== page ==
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J Vet Intern Med. 2008 Sep-Oct;22(5):1090-4. doi: 10.1111/j.1939-1676.2008.0147.x. Epub 2008 Jul 11.

Detection of Mycobacterium avium subspecies paratuberculosis-specific DNA by PCR in intestinal biopsies of dogs.

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1
Clinic for Small Animals, Internal Medicine, Justus-Liebig-University of Giessen, Giessen, Germany.

Abstract

BACKGROUND:

Mycobacterium avium subspecies paratuberculosis (MAP) is the cause of paratuberculosis. MAP infections have not been reliably detected in dogs, but a reemerging debate about the link between MAP and Crohn's disease has renewed interest about the occurrence of MAP in pets.

HYPOTHESIS:

This study was undertaken to examine canine intestinal biopsies for the presence of MAP-specific DNA.

ANIMALS:

Forty-two dogs with chronic vomiting, diarrhea, or both; and 14 dogs with no gastrointestinal disease.

METHODS:

All dogs with signs of gastrointestinal disease had a standard work-up for chronic gastrointestinal disease. Endoscopically obtained intestinal biopsies were submitted for histopathologic and molecular investigations. Biopsies were screened for MAP-specific DNA by 3 polymerase chain reaction (PCR) methods (nested, seminested, and triplex real-time PCR). Samples from control dogs were obtained during necropsy.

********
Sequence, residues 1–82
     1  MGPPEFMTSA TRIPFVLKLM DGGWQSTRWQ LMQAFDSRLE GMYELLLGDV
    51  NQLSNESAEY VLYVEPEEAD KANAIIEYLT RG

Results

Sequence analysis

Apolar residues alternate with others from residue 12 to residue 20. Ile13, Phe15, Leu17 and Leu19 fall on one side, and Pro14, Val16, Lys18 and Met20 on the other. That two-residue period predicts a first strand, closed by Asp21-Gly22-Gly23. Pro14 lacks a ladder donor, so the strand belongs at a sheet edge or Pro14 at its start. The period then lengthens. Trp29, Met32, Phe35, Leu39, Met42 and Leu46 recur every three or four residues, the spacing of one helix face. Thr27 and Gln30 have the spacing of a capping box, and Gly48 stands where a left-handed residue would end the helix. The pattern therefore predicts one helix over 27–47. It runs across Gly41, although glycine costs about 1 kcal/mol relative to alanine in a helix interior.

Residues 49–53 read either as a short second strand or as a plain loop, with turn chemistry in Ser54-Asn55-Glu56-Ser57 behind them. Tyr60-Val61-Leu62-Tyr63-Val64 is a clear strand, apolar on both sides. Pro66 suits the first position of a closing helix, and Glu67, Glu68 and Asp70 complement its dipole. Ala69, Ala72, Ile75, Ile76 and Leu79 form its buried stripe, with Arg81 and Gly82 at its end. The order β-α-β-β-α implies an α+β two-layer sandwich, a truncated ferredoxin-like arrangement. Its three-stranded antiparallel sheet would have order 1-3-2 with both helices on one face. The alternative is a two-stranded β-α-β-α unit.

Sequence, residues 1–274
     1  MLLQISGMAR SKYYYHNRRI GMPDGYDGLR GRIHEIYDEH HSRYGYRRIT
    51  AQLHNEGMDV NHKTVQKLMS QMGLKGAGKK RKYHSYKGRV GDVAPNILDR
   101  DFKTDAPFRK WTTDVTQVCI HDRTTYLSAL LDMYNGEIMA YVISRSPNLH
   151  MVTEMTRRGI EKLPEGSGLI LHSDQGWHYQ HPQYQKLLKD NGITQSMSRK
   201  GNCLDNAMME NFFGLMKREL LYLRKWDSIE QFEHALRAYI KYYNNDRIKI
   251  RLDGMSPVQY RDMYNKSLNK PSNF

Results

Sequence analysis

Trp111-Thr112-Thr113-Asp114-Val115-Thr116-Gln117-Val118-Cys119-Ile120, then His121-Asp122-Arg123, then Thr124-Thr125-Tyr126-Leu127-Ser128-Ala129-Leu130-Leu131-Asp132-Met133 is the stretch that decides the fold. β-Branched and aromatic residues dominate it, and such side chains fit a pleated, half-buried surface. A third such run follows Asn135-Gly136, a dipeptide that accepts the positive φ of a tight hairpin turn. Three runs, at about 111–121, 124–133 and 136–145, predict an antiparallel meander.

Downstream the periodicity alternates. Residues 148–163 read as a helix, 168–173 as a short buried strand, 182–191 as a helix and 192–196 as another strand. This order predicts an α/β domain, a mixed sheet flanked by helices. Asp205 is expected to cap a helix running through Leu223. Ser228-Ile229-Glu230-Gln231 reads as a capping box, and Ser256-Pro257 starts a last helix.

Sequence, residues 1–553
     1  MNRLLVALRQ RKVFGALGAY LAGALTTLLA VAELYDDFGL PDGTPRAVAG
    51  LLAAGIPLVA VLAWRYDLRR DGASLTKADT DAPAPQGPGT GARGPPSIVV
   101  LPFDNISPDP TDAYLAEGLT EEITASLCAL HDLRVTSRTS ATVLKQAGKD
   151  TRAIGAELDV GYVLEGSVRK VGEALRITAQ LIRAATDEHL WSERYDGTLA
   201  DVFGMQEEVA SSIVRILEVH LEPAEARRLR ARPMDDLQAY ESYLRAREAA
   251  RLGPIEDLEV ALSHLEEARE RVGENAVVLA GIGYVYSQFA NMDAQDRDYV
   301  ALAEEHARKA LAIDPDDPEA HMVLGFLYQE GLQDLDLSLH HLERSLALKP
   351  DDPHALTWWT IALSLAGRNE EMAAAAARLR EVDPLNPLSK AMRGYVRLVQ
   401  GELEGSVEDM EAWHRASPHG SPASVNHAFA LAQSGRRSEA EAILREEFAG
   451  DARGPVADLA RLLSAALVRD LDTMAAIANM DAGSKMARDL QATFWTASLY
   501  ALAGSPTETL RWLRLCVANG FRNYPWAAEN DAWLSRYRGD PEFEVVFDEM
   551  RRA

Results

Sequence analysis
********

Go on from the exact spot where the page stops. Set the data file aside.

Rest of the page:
RESULTS:

Histopathology of the biopsies was indicative of inflammatory bowel disease (IBD) in 17 and neoplasia in 6 dogs. Six dogs showing nonspecific changes responded to diet and were classified as having food-responsive enteropathy. In 13 dogs a final diagnosis was not established. MAP-specific DNA was detected and confirmed by sequencing in 8 dogs (19%). These dogs were diagnosed with food-responsive enteropathy (n=3), IBD (n=2), and open diagnosis (n=3). MAP-specific DNA was not detected in dogs with no gastrointestinal disease.

CONCLUSIONS AND CLINICAL IMPORTANCE:

MAP-specific DNA was detected in approximately one fifth of dogs with chronic gastrointestinal disease and might play a role as a pathogenic agent. Apart from animal welfare, the zoonotic aspect warrants further studies addressing the viability of MAP organism in canine intestinal biopsies by culture.

PMID:
18638019
DOI:
10.1111/j.1939-1676.2008.0147.x
[Indexed for MEDLINE]
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